1. A discussion on whether Sunyani is a worthy candidate as the capital city of Ghana? A number of positives and negatives were identified, but in all, we realised it could be the capital of Ghana if enough thought, energy and planning is employed by our leaders.
Sunyani – better known as the Sun City, is simply a town to love. ;-)
2. A representative of the Youth Council implored us to really take part in the on-going biometric voter registration and actually go on to vote. No sitting on the fence. From his speech, I learnt that the word ‘youth’ is not found – not even once – in the 1992 constitution! Can you believe that?
3. Mr. Agbozo, a lecturer at the Catholic University, gave an insightful talk on Entrepreneurship. He shared the results of a survey he carried out in his class based on priorities and surprisingly, achievement was at the bottom while love was fourth. Even learning didn’t place. (No surprise for me.) Good news though is that, barcamp participants decided to change their attitude. This I believe would diffuse and take our youth by storm. Go Ghana!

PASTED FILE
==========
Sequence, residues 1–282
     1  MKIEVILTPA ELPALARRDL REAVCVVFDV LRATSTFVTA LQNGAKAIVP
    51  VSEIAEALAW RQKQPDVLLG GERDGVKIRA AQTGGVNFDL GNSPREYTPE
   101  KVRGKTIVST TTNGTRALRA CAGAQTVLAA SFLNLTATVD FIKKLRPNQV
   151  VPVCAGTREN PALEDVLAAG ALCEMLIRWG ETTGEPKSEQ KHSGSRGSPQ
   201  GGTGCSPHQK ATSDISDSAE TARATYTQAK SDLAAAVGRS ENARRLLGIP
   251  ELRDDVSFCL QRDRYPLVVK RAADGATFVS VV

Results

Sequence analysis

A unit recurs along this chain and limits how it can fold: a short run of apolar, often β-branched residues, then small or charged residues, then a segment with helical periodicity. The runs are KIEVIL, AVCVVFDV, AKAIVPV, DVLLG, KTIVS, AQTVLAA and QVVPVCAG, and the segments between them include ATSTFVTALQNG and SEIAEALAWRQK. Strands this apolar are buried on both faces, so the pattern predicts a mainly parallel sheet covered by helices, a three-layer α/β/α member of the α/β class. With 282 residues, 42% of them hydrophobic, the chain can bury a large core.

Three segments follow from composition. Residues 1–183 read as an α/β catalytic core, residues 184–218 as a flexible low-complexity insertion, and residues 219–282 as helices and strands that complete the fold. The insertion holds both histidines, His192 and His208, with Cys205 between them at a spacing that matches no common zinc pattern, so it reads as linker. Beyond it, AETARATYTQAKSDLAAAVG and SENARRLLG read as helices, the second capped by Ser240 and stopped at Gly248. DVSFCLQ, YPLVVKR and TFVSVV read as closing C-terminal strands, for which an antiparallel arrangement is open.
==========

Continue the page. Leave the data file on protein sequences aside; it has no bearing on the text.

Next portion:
The next speaker was the General Manager of Eusbett Hotel, Mr. Mensah. He also gave a lot of insight into where Sunyani has come from in terms of development and the opportunities still lurking around. I bet you a number of his ideas would see fruition by the close of the year.
The BloggingGhana crew was also there to talk on their #iRegistered campaign which seeks to cover the registration and voting processes via social media (blogs, tweets, Facebook, Google+, Instagram et cetera.)
4. During the breakout session, a number of topics were discussed:
  • How to develop the Sunyani Township?
  • What GTUG is all about?
  • How to keep Sunyani clean?
  • The (correct) use of Social Media
5. A GTUG coordinator, Jojoo Imbeah, demonstrated how culture can be fused into technology. He actually used the Mozilla Firefox browser in Akan!
6. The last, but definitely not the least highlight was when participants ended the event by singing the national Anthem, “God Bless our Homeland Ghana…”
Participants are of the view that, barcamp Sunyani should be held frequently. Taking into consideration the number of barcamps in the country, I would propose that it is organised twice in a year.
God be the oga, oshe!